Lord Vishnu is venerated as the protector in Hinduism, and along with Lord Shiva
and Brahma Ji, forms the trinity
of gods. Shri Vishnu is the embodiment of sattvaguna and His worship is said to bestow on us this same very quality. He is the supreme unborn God, from whose navel, at the beginning of every creation, there emerges a golden lotus on which is seated Lord Brahma
. At the end of every creation, the world, with all its multiplicity, merges back into Him.
The way Lord Vishnu makes sure that the cycle of life is maintained is very simple. He ensures that Dharma, as laid down in the revealed scriptures, is never destroyed. In fact, whenever there is an erosion of Dharma, Vishnu incarnates Himself (takes avatar) to protect it. The scriptures speak of His numerous avatars, the most popular being His 24 incarnations which include Veda Vyasa
to explain the meaning of the Vedas
to the common man; Matsya (the fish) to retrieve the Vedas which had been hidden at the bottom of the ocean by a demon; Parashurama
to teach a lesson to the arrogant kings trampling the earth; Lord Rama to establish virtue as an integral part of daily life and of course Lord Krishna
, the most beloved of all avatars.
It is to Lord Vishnu that the earth turns to when its stability is threatened by powerful villains. He always obliges and redeems the earth. In all His lilas, Lord Vishnu has by His side His wife Lakshmi
– mother of the world. As the goddess reigning over the world’s resources, she is an indispensible and inseparable part of the functions of protection and sustenance of the world.
Shri Vishnu has always been one of the most favorite deities for worship and numerous temples devoted to Him, both ancient and modern, are spread out across the length and breadth of India. Devotees worship Him methodically and with the help of various hymns and songs, the most prominent of which is the Vishnu Sahasranama
, a part of Mahabharata
containing 1000 different names of Lord Vishnu, each having a symbolic significance. For example, one of Lord Vishnu’s names is ‘Narayana’, which means ‘One who has water (nara) as his support (ayana)’, thus signifying that Lord Vishnu reclines on the waves of the cosmic waters. The most important text however, shedding a complete light on this supreme God is the Vishnu Purana
, a highly readable scripture, a veritable encyclopaedia of Hinduism which must be read by all.
Vishnu - A Symbolic Appreciation
Vishnu finds his earliest mention in the Rig Veda, the most ancient book in the world. Here he appears as a solar deity. The Vishnu of the Rig Veda is a manifestation of light, whose head was, by a trick of the gods, severed from his body. This severed head is believed to have become the sun. Further in the Veda, Vishnu is a friend and associate of Indra, god of rain, thunder, and storm. Together, Vishnu the sun and Indra the rain, take on the demon Vritra, who personifies drought. Indra and Vishnu both are described as Vritrahan or the killer of Vritra. This potent combination forms an awesome ensemble of fertilizing powers.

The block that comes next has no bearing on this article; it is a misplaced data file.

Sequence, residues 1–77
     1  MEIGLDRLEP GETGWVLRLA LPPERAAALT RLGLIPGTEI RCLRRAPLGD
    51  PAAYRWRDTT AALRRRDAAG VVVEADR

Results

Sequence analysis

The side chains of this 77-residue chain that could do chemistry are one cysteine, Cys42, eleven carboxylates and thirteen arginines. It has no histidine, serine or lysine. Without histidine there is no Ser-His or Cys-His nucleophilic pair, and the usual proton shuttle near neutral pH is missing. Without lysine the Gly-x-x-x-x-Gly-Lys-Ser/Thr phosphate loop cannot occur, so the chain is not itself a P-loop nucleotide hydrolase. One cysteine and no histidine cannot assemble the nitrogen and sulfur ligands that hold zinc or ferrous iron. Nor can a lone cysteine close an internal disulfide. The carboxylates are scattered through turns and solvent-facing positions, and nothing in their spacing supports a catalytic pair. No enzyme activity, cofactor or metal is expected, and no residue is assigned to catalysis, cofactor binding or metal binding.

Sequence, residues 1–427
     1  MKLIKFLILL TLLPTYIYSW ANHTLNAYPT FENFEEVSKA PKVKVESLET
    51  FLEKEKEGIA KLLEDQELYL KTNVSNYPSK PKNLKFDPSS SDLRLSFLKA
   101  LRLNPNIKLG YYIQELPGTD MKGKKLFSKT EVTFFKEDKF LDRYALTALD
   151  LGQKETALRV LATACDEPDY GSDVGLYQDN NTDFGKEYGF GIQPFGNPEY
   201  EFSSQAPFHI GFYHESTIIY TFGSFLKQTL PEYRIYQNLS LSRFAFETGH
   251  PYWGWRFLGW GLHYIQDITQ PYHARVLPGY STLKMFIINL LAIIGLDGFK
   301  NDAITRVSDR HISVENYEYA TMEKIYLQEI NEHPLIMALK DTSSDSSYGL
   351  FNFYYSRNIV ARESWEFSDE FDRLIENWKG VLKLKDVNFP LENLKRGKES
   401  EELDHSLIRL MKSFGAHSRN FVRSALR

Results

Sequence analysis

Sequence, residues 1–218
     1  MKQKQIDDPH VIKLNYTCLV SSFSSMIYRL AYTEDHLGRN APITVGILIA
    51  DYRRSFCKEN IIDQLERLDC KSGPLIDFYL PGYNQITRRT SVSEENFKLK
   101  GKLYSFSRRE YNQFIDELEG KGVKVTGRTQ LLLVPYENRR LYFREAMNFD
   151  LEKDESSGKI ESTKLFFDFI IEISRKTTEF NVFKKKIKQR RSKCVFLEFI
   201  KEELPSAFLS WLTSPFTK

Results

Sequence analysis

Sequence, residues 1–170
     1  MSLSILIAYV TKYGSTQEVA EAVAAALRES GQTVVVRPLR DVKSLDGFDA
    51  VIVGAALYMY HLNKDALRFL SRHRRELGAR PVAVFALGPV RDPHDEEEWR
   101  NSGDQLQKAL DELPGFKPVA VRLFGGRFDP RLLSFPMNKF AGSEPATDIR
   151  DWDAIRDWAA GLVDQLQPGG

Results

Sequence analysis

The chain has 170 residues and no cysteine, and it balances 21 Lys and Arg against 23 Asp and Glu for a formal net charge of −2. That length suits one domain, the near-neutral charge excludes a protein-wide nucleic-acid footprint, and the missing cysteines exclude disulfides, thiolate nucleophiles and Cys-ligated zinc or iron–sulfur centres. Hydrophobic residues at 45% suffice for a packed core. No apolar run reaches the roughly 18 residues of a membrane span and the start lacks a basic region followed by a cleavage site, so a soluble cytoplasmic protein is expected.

The Vedic connotations of Vishnu are discernable also in the etymology of his name which is derived form the root 'vish', which means to spread, or in other words all-pervading. Indeed in the Vedas he is the all-pervading sun, whose rays envelop the earth, as does Vishnu himself, in his role as protector of the world. Read more...
Vishnu: Cosmic Magnification Of The Divine Being
As the scriptural tradition has it, after every 60 crore, 18 lac, 34 thousand and 752 years of human calendar Vishnu disappears and then there is desolation and deep eternal silence for 30 crore, 9 lacs, 17 thousand and 376 years before he re-emerges and grows, and along with emerges the entire creation - the manifest as also the unmanifest. In Vedic perception Vishnu is a continuum, and in Puranic, a plurality. The term 'vishnu' is not an incidental catch for his name. 'Vish', the Sanskrit root out of which the term 'vishnu' developed, means 'vyapana', that is, to expand and pervade. Thus, Vishnu is one whose ultimate nature is 'vyapana'. Hence, Vishnu is not a mere sanctum deity or worshippers' idol but also a deep cosmo-metaphysical principle that defines on one hand the principle of evolution, and on the other, manifests the Rig-Vedic theory of God's oneness and unity of the cosmos. Some scholars contemplate 'vish' as suggestive of one who is 'incessantly in act'. Read more...
Concept Of Incarnation And Vishnu's Ten Avataras
The concept of incarnation has its origin in the Rig-Vedic mysticism itself where unlike other gods Vishnu has been conceived as a cosmic presence without a manifest form. This unmanifest presence which the Rig-Veda sought to personalise might have led seers to discover Vishnu in other beings as well as conceive him with various forms, and finally the idea of avatars might have evolved. Vishnu's incarnations, at least three of them - Matsya, Varaha and Vamana, in real perspective and unambiguous terms, surface in Brahmans, Shatpatha and Etareya in special. In the Mahabharata the theory has been further consolidated. It is, however, in Puranas that the cult of incarnation emerges as the ultimate Hindu vision of Godhood. Read more...
Lord Vishnu for your Home